James Atkinson - Monday, March 24, 2014

Today's photo is the view of Lugano from my office. It's the second day of Spring and there's not much snow on the mountains.

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There is an age-old debate about what makes an individual extremely successful. Science appears to have finally ended the debate.

Research indicates that 'deliberate practice' is the secret ingredient for success - and not 'natural' talent.

Deliberate practice as a methodology uses innovation and feedback to help you constantly improve your skills.

The practical elements of deliberate practice are:

Set goals, practice regularly, focus on technique (e.g. writing skills), & seek prompt feedback from: mentors, prospects, customers, technical & marketing statistics of your web site. LEARN BY DOING - keep going till you get it right.

I'm completely sold on deliberate practice because for me the concept works!

In fact, I have been using elements of it for years - without actually knowing any of the scientific data behind the concept.

There are important lessons for you if you want to put your internet business on a steep upward growth trend.

Jay Abraham, business strategist, writes: "Great marketers are made, not born."

This is in line with the scientific findings on what makes an individual ultra-successful. Scientists have spent over 20 years researching many areas of endeavor to answer this question. The evidence suggests we no longer need to speculate about what makes someone extremely successful.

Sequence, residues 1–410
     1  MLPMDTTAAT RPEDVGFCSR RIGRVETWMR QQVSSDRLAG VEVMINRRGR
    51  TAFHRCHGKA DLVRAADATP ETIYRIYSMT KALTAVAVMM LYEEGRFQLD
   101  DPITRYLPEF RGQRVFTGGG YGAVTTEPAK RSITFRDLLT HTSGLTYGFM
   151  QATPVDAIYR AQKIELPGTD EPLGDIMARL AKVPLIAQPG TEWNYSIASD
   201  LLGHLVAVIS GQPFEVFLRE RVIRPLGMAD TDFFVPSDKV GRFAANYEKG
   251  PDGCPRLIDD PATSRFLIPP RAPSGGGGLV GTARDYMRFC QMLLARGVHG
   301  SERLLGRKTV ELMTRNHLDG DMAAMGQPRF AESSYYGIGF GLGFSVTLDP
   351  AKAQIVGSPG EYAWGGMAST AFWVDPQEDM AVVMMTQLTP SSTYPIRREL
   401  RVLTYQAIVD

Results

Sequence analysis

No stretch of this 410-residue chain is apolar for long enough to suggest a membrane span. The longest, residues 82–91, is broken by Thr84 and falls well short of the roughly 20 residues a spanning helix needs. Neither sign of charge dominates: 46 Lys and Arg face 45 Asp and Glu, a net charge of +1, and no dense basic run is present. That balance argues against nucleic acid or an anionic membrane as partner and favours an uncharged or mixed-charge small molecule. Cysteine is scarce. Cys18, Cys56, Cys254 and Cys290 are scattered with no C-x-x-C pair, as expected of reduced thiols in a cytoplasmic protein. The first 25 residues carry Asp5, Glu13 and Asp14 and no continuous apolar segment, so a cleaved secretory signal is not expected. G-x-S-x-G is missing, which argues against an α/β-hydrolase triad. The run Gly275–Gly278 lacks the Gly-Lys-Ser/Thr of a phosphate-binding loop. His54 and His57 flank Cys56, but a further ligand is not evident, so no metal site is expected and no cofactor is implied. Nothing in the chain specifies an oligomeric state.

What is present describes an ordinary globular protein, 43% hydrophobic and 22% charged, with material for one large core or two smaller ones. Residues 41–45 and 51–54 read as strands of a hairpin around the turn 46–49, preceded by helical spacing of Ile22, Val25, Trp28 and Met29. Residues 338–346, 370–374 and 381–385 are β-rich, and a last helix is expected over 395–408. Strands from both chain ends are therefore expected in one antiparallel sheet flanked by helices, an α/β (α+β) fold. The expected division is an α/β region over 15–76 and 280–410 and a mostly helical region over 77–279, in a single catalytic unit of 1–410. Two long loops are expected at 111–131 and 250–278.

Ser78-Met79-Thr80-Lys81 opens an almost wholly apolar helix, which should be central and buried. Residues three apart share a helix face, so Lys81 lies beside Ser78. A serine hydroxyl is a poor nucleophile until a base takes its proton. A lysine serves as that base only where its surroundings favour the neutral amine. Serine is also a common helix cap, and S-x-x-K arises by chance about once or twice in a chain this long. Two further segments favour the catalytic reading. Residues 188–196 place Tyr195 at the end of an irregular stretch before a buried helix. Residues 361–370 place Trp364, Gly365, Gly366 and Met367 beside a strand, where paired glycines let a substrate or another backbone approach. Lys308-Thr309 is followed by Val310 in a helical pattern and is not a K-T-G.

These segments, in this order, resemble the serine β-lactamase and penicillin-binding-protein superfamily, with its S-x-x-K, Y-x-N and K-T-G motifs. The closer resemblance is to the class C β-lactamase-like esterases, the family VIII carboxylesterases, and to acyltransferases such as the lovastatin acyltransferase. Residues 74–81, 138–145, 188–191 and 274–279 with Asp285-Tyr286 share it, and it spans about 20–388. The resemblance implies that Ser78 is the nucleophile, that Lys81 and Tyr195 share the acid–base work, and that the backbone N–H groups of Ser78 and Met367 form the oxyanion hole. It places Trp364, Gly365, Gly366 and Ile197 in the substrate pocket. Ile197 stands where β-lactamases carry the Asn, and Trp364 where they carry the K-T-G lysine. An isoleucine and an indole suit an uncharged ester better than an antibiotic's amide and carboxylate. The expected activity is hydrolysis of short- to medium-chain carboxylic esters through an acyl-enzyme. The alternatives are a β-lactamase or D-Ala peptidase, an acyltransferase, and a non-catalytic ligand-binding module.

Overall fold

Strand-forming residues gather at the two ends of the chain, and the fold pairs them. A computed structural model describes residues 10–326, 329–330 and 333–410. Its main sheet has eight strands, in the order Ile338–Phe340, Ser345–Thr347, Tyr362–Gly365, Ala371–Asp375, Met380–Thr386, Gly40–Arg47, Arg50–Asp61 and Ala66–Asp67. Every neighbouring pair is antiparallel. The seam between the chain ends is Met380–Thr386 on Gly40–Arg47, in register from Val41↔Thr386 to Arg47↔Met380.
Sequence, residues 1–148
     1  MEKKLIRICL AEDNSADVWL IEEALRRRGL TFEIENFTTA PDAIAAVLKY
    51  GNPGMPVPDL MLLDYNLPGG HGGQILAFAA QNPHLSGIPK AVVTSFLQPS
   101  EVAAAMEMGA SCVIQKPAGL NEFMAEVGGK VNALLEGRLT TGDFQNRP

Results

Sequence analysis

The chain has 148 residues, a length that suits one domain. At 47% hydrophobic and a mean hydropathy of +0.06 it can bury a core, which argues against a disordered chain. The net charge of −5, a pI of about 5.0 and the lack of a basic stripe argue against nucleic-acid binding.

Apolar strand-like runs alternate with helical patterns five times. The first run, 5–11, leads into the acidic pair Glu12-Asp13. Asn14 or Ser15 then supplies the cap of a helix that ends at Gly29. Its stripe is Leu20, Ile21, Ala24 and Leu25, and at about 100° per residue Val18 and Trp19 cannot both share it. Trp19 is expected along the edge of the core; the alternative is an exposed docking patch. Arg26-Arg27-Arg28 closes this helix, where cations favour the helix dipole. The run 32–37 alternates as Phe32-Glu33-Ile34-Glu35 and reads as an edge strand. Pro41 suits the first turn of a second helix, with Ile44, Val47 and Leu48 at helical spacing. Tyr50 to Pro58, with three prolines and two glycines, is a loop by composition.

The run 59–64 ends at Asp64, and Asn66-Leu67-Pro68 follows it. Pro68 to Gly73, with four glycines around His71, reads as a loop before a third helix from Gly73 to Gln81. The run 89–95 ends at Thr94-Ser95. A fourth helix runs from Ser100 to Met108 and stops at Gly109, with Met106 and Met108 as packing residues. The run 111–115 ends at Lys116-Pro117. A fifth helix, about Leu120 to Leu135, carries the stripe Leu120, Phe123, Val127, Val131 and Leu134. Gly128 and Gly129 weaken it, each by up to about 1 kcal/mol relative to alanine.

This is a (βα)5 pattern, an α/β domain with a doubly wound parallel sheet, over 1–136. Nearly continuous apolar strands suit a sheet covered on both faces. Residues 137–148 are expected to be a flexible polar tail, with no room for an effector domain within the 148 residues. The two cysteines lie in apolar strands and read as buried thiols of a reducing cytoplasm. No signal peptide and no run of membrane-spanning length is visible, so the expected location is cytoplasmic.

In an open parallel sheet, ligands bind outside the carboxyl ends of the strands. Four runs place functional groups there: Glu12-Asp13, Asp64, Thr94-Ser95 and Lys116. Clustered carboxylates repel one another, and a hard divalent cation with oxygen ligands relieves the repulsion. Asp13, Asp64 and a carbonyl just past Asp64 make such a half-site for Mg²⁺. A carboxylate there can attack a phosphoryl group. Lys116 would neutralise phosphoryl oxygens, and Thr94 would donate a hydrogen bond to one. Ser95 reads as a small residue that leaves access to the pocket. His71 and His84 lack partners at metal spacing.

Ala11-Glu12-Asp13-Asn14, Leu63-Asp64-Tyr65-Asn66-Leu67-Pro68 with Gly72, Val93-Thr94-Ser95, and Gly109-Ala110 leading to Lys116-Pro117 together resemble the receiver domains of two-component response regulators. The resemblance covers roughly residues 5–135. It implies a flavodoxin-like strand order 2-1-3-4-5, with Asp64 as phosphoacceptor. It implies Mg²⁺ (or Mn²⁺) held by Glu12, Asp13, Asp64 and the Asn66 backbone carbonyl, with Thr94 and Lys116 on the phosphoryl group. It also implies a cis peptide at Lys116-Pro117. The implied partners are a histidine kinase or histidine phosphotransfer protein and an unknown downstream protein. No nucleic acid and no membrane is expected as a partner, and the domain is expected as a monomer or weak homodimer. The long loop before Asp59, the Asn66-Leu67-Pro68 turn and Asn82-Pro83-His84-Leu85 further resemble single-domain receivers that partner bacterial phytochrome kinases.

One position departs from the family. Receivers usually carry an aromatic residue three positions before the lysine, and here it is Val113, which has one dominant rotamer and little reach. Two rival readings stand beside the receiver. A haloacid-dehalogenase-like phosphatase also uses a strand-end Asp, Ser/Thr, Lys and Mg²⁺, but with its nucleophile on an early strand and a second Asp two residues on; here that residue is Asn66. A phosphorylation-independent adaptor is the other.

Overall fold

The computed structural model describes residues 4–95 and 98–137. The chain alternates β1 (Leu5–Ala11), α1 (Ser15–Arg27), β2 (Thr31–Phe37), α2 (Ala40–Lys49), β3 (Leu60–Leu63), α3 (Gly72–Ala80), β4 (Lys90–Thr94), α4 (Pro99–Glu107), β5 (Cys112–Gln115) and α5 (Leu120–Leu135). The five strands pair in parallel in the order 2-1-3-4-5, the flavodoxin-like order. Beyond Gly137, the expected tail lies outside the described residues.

Researchers tell us we don't require talent, wealth, or have a genius-level IQ to achieve expert performance in our chosen field.

A psychology professor at Florida State University, Anders Ericsson, devoted more than twenty years to the scientific study of what makes people highly successful.

Ericsson's work concludes that deliberate practice is the secret ingredient that takes an individual into the realm of the ultra-successful in ANY field of endeavour.

Deliberate practice is a key to success, whether you're David Beckham, Bill Gates, or Tiger Woods.

This exciting discovery means that almost anyone can achieve success using a form of deliberate practice.

"With the exception of the influence of height and body size in some sports, no characteristic of the brain or body has yet been shown to constrain an individual from reaching an expert level." Dr. Anders Ericsson

Ericsson and colleagues have studied expert performers in a wide range of areas. Their work resulted in a 900-page book, The Cambridge Handbook of Expertise and Expert Performance, which has paved the way for a harvest of bestsellers that examine the nature of success.

I’m not suggesting you buy this book – it costs US$150 – but the point I want to make is encapsulated in a review of the book that makes a rather startling assertion: the trait we commonly call talent is highly overrated. Or, put another way, expert performers "whether in memory or surgery, ballet or computer programming" are nearly always made, not born. And yes, practice does make perfect." Steven D. Leavitt and Stephen J. Dubner, The New York Times Magazine and authors of Freakonomics.

Dr. Ericsson says a lot of people believe there are some inherent limits they were born with. But there is no hard evidence that anyone can attain any kind of exceptional performance without spending a lot of time perfecting it!

In the next blog I am going to look a little further into Deliberate Practice and provide some graphic help.